The bedroom door was open and I saw it fly into the living room. I closed the bedroom door, and went into the kitchen to prop open the back door. Supposedly, bats don’t want to be indoors, and if you open a door or window, they will find the fresh air and get out. I sat in the living room for half an hour, watching this stupid bat fly back and forth, back and forth. I knew I was destined to fall back asleep soon, so I closed the door, opened a living room window about 6″ (it was about 15º outside!) and went back to bed, closing the door tightly behind me.

I haven’t seen the bat since, and I hope he found his way outside. I’ll find out soon enough if he didn’t.

Bats One and Two

I embarked on some painting and remodeling shortly after moving into the Villa. I had a guy helping me, and one evening I noticed he’d left a dirty little rag on one of the cupboards. That wasn’t like him — he cleaned up every day before leaving — and right before I touched it, I noticed this dark little rag had a face!

I called a friend who lived nearby. “Save me from a little critter!” I said, clearly implying that a Real Man wouldn’t leave a damsel in distress. He came over, we made a net out of a pillow case and a hanger, and sure enough, he was able to gently scoop the bat in, and take it outside to release it. The friend moved away shortly thereafter; I’m sure there was no connection. Yah.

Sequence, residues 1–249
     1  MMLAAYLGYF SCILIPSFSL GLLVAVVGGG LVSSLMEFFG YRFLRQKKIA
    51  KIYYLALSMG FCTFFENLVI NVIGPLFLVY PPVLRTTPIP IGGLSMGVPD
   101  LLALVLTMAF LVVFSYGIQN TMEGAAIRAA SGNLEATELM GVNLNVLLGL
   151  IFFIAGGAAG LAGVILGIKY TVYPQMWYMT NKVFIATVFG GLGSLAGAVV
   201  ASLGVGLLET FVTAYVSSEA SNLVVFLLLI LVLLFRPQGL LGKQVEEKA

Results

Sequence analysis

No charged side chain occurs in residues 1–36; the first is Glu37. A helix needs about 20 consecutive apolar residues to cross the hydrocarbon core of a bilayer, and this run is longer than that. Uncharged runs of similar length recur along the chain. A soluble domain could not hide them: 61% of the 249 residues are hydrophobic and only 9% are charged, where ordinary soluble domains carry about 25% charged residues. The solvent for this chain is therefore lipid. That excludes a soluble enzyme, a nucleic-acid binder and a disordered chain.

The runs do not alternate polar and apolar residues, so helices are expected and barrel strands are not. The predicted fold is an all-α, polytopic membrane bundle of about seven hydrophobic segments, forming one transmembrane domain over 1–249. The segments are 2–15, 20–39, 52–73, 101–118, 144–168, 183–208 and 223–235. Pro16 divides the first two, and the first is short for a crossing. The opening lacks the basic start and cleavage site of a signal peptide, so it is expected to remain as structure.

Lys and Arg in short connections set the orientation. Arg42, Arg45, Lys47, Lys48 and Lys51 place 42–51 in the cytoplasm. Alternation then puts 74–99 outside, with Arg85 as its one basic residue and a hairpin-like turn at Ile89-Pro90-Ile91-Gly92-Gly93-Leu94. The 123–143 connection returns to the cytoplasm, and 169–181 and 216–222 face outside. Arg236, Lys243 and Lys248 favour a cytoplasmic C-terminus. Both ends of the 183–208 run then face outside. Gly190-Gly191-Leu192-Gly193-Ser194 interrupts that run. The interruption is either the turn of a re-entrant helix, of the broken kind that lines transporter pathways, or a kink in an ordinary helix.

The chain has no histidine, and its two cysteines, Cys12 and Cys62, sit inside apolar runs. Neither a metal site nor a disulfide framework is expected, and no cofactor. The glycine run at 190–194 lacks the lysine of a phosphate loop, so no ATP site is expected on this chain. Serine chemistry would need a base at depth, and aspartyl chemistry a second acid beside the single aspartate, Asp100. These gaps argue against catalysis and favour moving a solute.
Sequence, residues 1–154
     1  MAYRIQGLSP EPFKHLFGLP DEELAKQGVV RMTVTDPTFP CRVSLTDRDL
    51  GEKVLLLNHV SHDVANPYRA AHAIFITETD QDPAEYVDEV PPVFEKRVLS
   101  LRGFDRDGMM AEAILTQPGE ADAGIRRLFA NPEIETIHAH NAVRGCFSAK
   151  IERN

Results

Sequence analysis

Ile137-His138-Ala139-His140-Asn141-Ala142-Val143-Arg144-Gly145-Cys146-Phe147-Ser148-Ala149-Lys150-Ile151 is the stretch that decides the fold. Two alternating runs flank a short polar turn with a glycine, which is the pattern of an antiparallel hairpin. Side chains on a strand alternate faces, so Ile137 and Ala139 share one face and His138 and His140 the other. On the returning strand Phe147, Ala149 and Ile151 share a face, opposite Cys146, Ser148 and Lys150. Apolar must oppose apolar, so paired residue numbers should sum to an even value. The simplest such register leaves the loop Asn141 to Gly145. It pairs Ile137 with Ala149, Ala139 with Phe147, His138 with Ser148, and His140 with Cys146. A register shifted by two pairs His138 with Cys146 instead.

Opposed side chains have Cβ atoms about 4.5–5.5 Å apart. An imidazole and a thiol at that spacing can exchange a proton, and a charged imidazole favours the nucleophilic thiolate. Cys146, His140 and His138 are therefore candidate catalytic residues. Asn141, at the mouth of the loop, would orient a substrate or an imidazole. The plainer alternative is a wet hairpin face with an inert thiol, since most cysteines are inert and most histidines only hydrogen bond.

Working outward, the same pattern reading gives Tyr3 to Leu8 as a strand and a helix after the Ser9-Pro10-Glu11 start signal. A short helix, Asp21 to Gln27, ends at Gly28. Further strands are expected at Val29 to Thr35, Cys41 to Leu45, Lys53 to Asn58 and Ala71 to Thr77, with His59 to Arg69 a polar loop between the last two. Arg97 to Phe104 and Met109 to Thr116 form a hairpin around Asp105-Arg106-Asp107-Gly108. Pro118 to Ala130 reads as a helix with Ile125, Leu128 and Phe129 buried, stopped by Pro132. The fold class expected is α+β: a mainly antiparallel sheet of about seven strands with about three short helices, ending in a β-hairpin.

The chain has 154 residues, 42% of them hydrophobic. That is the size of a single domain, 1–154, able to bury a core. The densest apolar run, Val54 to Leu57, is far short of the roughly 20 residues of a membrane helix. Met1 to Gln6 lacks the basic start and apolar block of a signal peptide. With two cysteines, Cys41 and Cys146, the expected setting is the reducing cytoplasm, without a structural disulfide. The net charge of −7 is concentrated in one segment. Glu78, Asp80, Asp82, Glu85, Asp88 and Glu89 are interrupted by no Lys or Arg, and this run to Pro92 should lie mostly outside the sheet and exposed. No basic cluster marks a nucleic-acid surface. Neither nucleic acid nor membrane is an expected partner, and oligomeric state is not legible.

Three years go by. I was in the living room watching tv with a guy I was dating; we’ll call him Milton. Suddenly a little bat swooped across the room in front of us! My dog and I ran for the bedroom with Milton at our heels. “Wow,” he said, “What are you gonna do?” he asked. Is he kidding? As I shoved him through the door, I said, “I’m going to wait here while you get rid of it!” (What is it with guys nowadays? They have to be goaded into chivalry.) Many minutes of grunting, running, panting, and cursing went by. He finally knocked on the door, and I opened it to find him puffed with testosterone.

“It’s safe to come out now,” he said. “I think it flew out the window.” “You think it flew out the window? Or you know it did?” “I’m sure, come and look. He’s gone.”

It was gone. That should have been the end of The Tale of Bat Two. But it’s not. Fast forward about five years. My parents are again visiting, and we’re watching Antiques Roadshow. My dad commented that he’d always wanted to learn more about Grandma’s Big Vase, which has sat on top of my corner cabinet since I moved to the Villa. He thought it was worth a lot of money.

“No, Dad,” I protested, “I’m almost sure that it’s post-war Japanese. I don’t think it’s that old.” “Let’s see if there’s a mark on it,” he said, and pulled a chair over to reach the vase. As he tipped it upside-down to check for a manufacturer’s mark, out tumbled… a skeletonized little bat.

With gloves, plastic bags, and manly bravery, Daddy made the little skeleton go away. I had to endure just a tiny bit of teasing about my housekeeping skills. But I haven’t looked in the Big Vase since then, and I’m sure not going to now.